A screenshot of Alberta Premier Jason Kenney, looking tired, arrives at yesterday’s ceremony in memory of Queen Elizabeth II on the steps of the Alberta Legislature.
Alberta Premier Jason Kenney, looking tired, arrives at yesterday’s ceremony in memory of Queen Elizabeth II on the steps of the Alberta Legislature. Credit: Government of Alberta

Alberta Premier Jason Kenney trowelled it on a bit, perhaps as befits expectations in a provincial capital, but he generally managed a reasonably dignified performance as he said farewell to Queen Elizabeth on the steps of the Alberta Legislature yesterday.

At only 600 words almost on the button, if my transcription of his remarks is accurate, it was remarkably concise by Kenney’s usual rambling standards of public speaking. He also managed to keep his typical bombast in check.

Perhaps the premier was tired after spending 36 hours sitting on airplanes and standing in lineups to make a very public pilgrimage to London for the Queen’s lying in state. 

Most likely the speech was put together by a professional speechwriter. Still, given some of its flourishes, it wouldn’t be a complete surprise to learn that this was a eulogy Kenney composed in his head at 14 when he imagined he would be going to London for the Queen’s funeral instead of having to be back in Edmonton before a damp crowd of a couple of hundred souls on the steps of a provincial Legislature.

Accepting that the Queen acted with “goodness and dignity” is a sentiment most of us can sign on with under the circumstances, even if many of the rest of Kenney’s remarks seem on close examination to be a little over the top. 

Thankfully, the premier managed to remember that memorial orations are best kept short, and he stuck to the script – although he didn’t quite manage to come in under Abraham Lincoln’s famously economical 239 words at Gettysburg

If the crowds at yesterday’s ceremony in Edmonton didn’t compare with those in London, the monarchy isn’t a big part of most Canadians’ lives any more, except perhaps as a source of salacious gossip. Anyway, Kenney’s government made sure this wasn’t a day off in Alberta and urged employers instead to allow their employees merely a moment of respectful silence at their workstations.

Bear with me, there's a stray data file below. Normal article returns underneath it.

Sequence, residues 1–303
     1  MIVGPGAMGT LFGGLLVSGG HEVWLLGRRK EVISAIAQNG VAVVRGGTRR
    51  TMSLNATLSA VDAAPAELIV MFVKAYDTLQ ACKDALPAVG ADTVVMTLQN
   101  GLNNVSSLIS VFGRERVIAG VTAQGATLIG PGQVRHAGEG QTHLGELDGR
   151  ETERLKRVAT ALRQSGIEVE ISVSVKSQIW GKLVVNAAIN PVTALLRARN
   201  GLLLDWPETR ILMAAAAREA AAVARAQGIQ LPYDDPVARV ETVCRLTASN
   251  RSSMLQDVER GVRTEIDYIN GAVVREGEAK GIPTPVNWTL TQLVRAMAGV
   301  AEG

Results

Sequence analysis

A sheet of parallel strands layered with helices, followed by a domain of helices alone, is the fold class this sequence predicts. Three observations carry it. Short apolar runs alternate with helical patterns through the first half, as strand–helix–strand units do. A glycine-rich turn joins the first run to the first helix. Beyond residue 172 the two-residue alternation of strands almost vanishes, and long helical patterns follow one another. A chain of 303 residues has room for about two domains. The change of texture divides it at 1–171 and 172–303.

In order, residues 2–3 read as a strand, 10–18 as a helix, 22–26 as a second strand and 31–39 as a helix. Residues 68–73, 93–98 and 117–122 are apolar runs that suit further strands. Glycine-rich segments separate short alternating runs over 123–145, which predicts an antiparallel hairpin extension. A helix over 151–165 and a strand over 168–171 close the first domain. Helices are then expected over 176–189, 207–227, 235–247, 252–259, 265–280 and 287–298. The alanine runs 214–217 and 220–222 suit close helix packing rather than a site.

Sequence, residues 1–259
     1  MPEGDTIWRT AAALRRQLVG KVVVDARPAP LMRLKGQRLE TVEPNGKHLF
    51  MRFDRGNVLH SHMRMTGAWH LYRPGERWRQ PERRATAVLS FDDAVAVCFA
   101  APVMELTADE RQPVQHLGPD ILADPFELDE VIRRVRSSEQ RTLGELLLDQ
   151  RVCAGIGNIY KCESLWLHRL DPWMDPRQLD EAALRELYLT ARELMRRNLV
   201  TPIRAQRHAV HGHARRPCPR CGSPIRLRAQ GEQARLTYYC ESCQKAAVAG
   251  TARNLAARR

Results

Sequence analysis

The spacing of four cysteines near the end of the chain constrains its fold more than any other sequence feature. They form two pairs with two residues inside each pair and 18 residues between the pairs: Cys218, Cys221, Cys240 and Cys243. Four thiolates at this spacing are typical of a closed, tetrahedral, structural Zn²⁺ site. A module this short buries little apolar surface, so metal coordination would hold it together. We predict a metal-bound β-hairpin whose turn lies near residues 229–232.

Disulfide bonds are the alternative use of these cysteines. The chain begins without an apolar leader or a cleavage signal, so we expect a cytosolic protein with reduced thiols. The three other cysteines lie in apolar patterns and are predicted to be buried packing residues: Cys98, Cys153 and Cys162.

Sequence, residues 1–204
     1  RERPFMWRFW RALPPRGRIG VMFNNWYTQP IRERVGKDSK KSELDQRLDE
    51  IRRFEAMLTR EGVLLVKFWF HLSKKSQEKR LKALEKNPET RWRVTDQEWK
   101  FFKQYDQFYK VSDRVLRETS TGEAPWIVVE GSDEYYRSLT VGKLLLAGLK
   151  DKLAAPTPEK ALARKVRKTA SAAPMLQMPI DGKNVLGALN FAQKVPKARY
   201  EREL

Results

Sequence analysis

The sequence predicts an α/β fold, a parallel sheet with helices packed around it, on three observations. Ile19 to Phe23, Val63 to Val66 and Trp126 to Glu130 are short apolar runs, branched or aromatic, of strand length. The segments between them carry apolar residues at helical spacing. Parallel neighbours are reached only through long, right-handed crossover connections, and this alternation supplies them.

The Royal Artillery fired off its guns 96 times to mark each year of the Queen’s life.

And the Royal Artillery Band, based in Edmonton, played such funereal favourites as Abide With Me and even a snippet of Vera Lynn’s 1939 hit We’ll Meet Again (don’t know where, don’t know when), which will be familiar to anyone who’s watched the apocalyptic final moments of Dr. Strangelove. Ms. Lynn died in 2020 at 103. 

Given the circumstances, we can forgive Kenney for calling the Queen’s 70-year reign “the Elizabethan Era,” even though that one’s already taken

There was a time some might have disapproved of a quote by the Pope being used to describe the Defender of the Faith, but this is a moment in history both secular and ecumenical. So why not? 

It certainly wasn’t as shocking to Canadian Conservative sensibilities and paleoconservative media commentators as, say, a prime minister being caught on camera singing Queen hits on the eve of the Queen’s funeral! 

And Kenney did not, to his credit and notwithstanding his religious convictions, call for the Queen to be proclaimed a saint – as someone actually did in the pages of the Globe and Mail yesterday! 

As for his use of the phrase “Our Sovereign Lady the Queen,” one instinctively feels it should be followed by the words, “and the accused at bar.” 

But Kenney was quite right to note that in Alberta the Queen will long be remembered in schools, in roadways, in mountains, and “in the newly renamed Queen Elizabeth the Second Building behind us” – as was predicted by the political blogger Dave Cournoyer two days before the government’s announcement that the provincially owned Federal Building would be at last be given a less confusing name.

Lieutenant Governor Salma Lakhani, Speaker Nathan Cooper, and NDP MLA Nicole Goehring, the previous government’s military liaison, also delivered short remarks. 

David J. Climenhaga

David J. Climenhaga

David Climenhaga is a journalist and trade union communicator who has worked in senior writing and editing positions with the Globe and Mail and the Calgary Herald. He left journalism after the strike...